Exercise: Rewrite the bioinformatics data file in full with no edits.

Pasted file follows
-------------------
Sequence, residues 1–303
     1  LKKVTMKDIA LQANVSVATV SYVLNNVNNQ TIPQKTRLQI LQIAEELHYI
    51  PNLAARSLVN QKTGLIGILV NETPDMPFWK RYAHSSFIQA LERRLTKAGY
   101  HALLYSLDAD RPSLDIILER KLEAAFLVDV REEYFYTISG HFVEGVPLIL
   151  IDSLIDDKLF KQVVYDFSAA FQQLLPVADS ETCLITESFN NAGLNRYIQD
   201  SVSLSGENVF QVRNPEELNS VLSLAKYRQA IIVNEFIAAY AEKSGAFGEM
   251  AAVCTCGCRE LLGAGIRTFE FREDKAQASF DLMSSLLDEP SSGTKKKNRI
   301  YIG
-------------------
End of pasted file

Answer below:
Sequence, residues 1–303
     1  LKKVTMKDIA LQANVSVATV SYVLNNVNNQ TIPQKTRLQI LQIAEELHYI
    51  PNLAARSLVN QKTGLIGILV NETPDMPFWK RYAHSSFIQA LERRLTKAGY
   101  HALLYSLDAD RPSLDIILER KLEAAFLVDV REEYFYTISG HFVEGVPLIL
   151  IDSLIDDKLF KQVVYDFSAA FQQLLPVADS ETCLITESFN NAGLNRYIQD
   201  SVSLSGENVF QVRNPEELNS VLSLAKYRQA IIVNEFIAAY AEKSGAFGEM
   251  AAVCTCGCRE LLGAGIRTFE FREDKAQASF DLMSSLLDEP SSGTKKKNRI
   301  YIG